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Compare And Contrast Jeffersonian Federalists And Hamiltonian Government

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Although Alexander Hamilton and Thomas Jefferson were two great leaders in United States history, they both had deeply contrasting views of government and economy. After America achieved independence from Great Britain in 1783, the fledgling nation needed its people to guide it towards a firm and steady future. The two political parties — the Hamiltonian Federalists and the Jeffersonian Democratic-Republicans — under their respective leaders Hamilton and Jefferson, each had a differing vision for the nation’s future, planting the seeds of new political parties for generations to come. While Hamilton preferred less individual and states’ rights, as well as a national bank, Jefferson, on the other hand, preferred more states’ rights and…show more content…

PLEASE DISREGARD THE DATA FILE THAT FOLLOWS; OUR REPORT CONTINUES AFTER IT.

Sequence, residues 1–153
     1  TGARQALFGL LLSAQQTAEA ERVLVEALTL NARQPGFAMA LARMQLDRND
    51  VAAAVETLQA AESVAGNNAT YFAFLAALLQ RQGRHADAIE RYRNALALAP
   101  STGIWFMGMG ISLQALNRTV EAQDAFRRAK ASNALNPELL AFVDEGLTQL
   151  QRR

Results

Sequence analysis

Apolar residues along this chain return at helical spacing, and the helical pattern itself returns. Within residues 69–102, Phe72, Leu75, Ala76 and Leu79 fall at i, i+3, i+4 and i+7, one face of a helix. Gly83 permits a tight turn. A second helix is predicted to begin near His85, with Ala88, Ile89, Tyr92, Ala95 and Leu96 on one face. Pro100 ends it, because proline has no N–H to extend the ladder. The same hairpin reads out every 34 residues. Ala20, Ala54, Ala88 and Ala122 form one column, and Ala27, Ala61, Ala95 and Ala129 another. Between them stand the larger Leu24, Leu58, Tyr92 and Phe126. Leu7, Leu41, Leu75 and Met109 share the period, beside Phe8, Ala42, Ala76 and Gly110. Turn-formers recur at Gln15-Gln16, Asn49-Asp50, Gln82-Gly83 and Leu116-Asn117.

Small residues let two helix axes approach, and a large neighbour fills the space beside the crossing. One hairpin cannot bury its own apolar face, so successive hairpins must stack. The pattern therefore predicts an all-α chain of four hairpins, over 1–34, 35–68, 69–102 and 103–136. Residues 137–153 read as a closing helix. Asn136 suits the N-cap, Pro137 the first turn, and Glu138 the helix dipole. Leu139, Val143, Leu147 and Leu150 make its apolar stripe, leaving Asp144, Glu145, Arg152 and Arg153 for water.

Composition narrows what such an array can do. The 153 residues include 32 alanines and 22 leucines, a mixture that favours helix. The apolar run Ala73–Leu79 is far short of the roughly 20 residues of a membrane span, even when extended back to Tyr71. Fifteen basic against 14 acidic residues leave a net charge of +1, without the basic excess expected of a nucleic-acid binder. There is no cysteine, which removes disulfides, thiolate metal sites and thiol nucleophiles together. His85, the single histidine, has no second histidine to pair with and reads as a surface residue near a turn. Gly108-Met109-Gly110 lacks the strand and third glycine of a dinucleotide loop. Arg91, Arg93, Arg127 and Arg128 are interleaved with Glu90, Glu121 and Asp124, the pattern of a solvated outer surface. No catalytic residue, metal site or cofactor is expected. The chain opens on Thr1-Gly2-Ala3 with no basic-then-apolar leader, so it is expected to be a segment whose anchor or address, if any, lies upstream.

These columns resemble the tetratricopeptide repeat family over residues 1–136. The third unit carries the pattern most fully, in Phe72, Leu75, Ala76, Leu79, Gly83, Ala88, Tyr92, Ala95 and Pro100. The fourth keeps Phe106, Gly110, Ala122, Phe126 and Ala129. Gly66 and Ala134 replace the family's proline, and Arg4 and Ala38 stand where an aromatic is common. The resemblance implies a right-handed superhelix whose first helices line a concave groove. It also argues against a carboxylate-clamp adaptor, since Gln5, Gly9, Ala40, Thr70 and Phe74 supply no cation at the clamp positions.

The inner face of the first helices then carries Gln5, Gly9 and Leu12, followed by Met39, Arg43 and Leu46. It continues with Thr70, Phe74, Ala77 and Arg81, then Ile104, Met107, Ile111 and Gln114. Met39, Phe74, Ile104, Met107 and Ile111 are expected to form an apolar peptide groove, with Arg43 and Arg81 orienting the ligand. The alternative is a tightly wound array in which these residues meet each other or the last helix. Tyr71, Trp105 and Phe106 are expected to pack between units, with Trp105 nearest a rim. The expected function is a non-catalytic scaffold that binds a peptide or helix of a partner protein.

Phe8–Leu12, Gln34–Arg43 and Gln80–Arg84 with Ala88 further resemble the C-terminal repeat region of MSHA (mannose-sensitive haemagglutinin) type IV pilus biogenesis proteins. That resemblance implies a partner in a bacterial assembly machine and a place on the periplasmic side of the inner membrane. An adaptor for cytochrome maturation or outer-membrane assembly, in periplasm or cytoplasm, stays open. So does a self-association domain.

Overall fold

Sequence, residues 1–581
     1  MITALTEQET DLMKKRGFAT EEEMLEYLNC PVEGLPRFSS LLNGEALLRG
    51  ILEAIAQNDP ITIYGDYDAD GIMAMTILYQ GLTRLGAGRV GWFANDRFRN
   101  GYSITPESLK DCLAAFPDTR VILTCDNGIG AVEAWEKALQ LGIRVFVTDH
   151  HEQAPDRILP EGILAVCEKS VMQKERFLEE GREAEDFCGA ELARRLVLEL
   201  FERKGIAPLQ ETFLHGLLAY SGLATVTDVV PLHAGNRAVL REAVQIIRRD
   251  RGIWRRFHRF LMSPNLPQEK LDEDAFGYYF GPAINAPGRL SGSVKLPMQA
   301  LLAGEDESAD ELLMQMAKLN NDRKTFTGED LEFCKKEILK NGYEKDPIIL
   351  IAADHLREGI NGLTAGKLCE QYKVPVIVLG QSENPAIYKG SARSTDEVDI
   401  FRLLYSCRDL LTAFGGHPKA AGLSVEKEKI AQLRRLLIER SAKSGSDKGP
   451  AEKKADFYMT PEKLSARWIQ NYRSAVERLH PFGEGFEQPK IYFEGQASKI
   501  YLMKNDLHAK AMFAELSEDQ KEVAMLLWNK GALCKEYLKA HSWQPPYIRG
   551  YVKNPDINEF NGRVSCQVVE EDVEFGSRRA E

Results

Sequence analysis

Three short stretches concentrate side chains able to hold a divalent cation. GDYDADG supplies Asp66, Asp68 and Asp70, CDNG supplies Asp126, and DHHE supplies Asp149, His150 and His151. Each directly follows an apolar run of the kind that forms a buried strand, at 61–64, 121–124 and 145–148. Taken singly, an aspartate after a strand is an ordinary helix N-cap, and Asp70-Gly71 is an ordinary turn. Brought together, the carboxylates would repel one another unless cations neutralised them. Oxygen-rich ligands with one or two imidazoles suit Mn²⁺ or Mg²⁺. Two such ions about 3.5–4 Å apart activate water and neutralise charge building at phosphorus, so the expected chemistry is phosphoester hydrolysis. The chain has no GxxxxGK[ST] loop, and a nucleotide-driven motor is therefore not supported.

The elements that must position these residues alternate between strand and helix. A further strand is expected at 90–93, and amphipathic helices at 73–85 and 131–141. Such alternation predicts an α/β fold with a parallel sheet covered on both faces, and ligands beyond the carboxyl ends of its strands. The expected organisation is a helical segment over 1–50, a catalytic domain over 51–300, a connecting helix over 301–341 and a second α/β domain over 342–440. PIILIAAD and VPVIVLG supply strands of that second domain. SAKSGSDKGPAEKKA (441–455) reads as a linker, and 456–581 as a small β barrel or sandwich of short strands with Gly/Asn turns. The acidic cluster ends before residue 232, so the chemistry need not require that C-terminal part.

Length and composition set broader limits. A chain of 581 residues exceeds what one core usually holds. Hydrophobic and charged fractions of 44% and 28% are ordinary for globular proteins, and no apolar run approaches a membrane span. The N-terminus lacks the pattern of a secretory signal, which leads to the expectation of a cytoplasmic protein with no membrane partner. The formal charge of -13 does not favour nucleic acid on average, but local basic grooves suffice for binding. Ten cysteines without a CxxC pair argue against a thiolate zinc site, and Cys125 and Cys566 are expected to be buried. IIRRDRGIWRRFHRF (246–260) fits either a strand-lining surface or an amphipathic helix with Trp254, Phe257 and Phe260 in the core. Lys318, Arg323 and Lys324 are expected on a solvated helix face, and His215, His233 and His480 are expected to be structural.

In Jefferson’s First Inaugural Address, he made a promise to the American people: “During the contest of opinion through which we have passed the animation of discussions and in strangers unused to think freely and to speak and to write what they think; but this being now… announced according to the rules of the Constitution…” (Doc C). With the support of a Jeffersonian Democratic-Republican cabinet, Jefferson could finally hope to repeal the Sedition Act. In this excerpt of Jefferson’s address, he is saying that while the Sedition Act was initially pushed through Congress by Federalists and without much discussion, discussion would now take place in the Supreme Court to conclude this law’s being Constitutional or not. This promise to have the Sedition Act be under judicial review illustrates Jefferson’s affinity to protect individual rights, especially those outlined in the Bill of Rights, as well as his distaste for the Federalist ideal of a strong, central government. Another governmental matter in question between the Federalists and the Jeffersonian Republicans was about the issue of states’ rights when deciding a law’s Constitutionality. After the Sedition Act was passed by the Federalists, many Jeffersonian-Republicans, including James Madison and Thomas Jefferson himself, feared what would happen to other Constitutional liberties if freedom of speech and of the press were gone. Thus, they composed a series of resolutions known
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